A further 40 passengers aboard the quarantined Diamond Princess cruise ship have tested positive for the lethal coronavirus.
A 21-year-old Melbourne woman is reportedly among the new cases, which also include a Japanese quarantine officer.
The quarantine official had been wearing a mask and gloves, and was collecting and processing questionnaires from passengers.
The officer is already in hospital and had self-isolated as a precaution.
Japanese Health Minister Katsunobu Kato announced the surge in confirmed tests of the coronavirus (which has been renamed COVID-19 by the World Health Organisation) on the Diamond Princess on Wednesday.
Japanese broadcaster NHK said 174 people on board the liner – which is moored at Yokohama – were now confirmed to have the deadly disease.
Meanwhile, the Melbourne woman has apparently become the 12th Australian on board the cruise liner to be diagnosed with COVID-19 – although authorities are yet to officially confirm her infection.
Her grandfather, Peter, who did not want to give his surname, said she was taken off the ship with her parents and younger brother and transported to a hospital about two hours from the port.
"My granddaughter Bianca, who is 21 years old, tested positive and now she's in isolation in the hospital and my three other family members are all in isolation wards over there," Peter told Melbourne radio station 3AW on Wednesday.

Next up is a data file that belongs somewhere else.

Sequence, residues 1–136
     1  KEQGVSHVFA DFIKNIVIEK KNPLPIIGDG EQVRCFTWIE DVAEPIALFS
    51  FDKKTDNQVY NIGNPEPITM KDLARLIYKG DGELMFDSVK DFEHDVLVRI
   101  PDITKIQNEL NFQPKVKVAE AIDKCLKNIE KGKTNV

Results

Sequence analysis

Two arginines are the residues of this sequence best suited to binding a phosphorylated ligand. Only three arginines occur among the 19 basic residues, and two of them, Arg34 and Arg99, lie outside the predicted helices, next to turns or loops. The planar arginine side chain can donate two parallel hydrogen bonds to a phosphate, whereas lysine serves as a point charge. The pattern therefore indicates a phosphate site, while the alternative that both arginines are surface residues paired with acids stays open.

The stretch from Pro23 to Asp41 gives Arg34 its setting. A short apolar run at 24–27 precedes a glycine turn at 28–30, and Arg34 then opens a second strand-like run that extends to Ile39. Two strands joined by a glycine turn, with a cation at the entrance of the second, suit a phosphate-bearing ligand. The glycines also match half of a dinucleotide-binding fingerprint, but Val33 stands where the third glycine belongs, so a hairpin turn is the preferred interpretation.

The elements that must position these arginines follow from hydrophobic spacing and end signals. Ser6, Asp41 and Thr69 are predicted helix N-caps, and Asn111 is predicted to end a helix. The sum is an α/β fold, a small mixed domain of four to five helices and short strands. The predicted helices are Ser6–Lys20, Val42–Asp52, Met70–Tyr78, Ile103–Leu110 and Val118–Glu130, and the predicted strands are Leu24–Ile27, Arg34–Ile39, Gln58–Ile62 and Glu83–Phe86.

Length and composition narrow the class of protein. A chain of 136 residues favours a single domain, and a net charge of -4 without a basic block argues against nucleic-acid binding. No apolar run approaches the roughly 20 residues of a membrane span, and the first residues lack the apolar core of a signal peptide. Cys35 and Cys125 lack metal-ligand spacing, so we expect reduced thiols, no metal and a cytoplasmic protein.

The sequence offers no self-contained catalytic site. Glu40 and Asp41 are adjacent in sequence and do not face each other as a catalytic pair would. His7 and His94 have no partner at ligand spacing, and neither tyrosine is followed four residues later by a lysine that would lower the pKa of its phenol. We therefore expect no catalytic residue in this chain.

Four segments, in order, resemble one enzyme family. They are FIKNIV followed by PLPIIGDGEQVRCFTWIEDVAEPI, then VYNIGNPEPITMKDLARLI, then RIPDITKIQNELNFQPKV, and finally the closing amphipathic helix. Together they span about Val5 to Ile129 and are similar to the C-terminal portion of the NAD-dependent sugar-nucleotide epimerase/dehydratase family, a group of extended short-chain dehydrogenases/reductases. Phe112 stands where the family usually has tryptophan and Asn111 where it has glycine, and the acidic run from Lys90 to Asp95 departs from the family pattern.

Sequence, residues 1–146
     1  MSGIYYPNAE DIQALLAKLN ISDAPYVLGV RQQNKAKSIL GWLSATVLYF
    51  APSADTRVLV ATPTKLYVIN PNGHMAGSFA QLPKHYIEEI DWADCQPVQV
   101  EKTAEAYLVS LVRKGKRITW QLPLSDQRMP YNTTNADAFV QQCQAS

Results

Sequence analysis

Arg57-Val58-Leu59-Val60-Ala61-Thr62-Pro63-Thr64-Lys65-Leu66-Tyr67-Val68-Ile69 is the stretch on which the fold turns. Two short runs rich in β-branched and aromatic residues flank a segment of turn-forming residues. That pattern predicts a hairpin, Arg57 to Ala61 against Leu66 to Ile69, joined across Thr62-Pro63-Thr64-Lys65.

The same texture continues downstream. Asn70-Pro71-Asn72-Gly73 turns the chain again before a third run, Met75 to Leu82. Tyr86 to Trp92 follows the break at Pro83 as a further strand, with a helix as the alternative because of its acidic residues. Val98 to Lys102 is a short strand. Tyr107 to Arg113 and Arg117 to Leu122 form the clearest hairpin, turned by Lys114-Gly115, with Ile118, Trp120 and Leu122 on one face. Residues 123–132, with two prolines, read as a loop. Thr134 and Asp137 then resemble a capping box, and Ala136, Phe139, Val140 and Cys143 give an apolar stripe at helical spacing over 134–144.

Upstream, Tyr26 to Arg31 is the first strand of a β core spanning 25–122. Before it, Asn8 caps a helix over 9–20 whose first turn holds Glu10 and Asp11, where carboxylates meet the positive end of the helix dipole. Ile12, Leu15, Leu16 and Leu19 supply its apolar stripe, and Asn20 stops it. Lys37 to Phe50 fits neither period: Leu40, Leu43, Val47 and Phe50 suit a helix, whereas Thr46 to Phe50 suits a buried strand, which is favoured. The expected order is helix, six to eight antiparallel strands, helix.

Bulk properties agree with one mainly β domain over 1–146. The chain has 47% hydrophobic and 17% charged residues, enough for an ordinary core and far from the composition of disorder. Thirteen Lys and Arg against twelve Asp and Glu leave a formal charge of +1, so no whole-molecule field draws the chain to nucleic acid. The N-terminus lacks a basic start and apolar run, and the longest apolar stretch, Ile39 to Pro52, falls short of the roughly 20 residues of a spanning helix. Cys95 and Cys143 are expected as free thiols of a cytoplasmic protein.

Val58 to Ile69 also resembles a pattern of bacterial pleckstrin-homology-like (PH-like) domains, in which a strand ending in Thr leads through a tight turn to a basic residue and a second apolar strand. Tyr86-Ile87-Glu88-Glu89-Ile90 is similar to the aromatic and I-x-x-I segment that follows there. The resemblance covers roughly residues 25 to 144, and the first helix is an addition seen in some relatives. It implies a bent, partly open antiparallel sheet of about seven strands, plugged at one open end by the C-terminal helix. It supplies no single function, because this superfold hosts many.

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More than 3700 passengers, including about 200 Australians, have been stranded on the ship for a week after dozens of people tested positive for COVID-19.
Yardley Wong, who is among those quarantined on board the Diamond Princess, said the latest rise in confirmed cases was making him anxious.
"Anxiety rising. [I] don't know when it will possibly be my turn — or my family," Mr Wong told the ABC.
Some of the Australians on board have described the new cases as "scary", but others said they were remaining positive.
Peter said the Australians had not heard from the federal government since they were quarantined.
"These people are in limbo and no one cares about them," he said.
"That's how it seems because we've had no contact from the government in any way."
Peter said the family had been struggling mentally and physically, as a result of being trapped in their cabins prior to the diagnosis.
"They were locked up in these two little rooms, 3×3 (three metres by three metres) perhaps, without any access to clean air or anything," he said.
Related: Quarantined passengers turn to humour
Never leave home without them. You never know when you may find yourself under a two-week quarantine aboard a cruise ship. (Full credit to my wife for the foresight in packing and shopping.) pic.twitter.com/NVtjovV7ki— Matthew Smith (@mjswhitebread) February 9, 2020
Authorities are yet to confirm the case, while Princess Cruises said 11 Australians aboard were affected.
"We are following guidance from the Japan Ministry of Health on plans for disembarkation protocols to provide medical care for these new cases," it said.
"Since it is early in the quarantine period of 14 days, it was not unexpected that additional cases would be reported involving individuals who were exposed prior to the start of the quarantine."
The quarantine end date remains February 19 unless there are any unforeseen developments.
Princess Cruises has confirmed all guests aboard the cruise will be refunded their fare, including air travel, hotel, ground transportation and other expenses.